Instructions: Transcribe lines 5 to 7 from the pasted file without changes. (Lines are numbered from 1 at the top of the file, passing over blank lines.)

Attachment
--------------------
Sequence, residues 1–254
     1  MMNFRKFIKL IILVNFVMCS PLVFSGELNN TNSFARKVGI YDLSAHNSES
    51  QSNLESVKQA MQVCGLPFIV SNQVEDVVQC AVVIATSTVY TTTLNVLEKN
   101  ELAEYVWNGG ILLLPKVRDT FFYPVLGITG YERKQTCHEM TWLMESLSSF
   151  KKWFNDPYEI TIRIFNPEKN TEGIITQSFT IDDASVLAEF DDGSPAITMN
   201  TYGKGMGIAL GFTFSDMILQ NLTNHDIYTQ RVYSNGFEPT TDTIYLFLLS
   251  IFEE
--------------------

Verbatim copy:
   151  KKWFNDPYEI TIRIFNPEKN TEGIITQSFT IDDASVLAEF DDGSPAITMN
   201  TYGKGMGIAL GFTFSDMILQ NLTNHDIYTQ RVYSNGFEPT TDTIYLFLLS
   251  IFEE